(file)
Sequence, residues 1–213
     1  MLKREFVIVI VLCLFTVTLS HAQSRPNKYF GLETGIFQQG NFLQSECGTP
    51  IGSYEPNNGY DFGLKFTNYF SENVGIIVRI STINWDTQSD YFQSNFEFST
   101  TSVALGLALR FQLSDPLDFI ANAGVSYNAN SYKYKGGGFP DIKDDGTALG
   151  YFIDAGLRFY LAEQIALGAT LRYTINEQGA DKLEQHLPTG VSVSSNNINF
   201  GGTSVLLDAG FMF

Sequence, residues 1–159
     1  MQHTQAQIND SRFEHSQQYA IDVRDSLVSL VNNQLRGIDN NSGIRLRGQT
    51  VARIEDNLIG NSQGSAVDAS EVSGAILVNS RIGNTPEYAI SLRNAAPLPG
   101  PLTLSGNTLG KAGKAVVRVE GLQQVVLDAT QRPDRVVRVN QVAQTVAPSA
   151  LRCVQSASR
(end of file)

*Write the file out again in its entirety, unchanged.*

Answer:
Sequence, residues 1–213
     1  MLKREFVIVI VLCLFTVTLS HAQSRPNKYF GLETGIFQQG NFLQSECGTP
    51  IGSYEPNNGY DFGLKFTNYF SENVGIIVRI STINWDTQSD YFQSNFEFST
   101  TSVALGLALR FQLSDPLDFI ANAGVSYNAN SYKYKGGGFP DIKDDGTALG
   151  YFIDAGLRFY LAEQIALGAT LRYTINEQGA DKLEQHLPTG VSVSSNNINF
   201  GGTSVLLDAG FMF

Sequence, residues 1–159
     1  MQHTQAQIND SRFEHSQQYA IDVRDSLVSL VNNQLRGIDN NSGIRLRGQT
    51  VARIEDNLIG NSQGSAVDAS EVSGAILVNS RIGNTPEYAI SLRNAAPLPG
   101  PLTLSGNTLG KAGKAVVRVE GLQQVVLDAT QRPDRVVRVN QVAQTVAPSA
   151  LRCVQSASR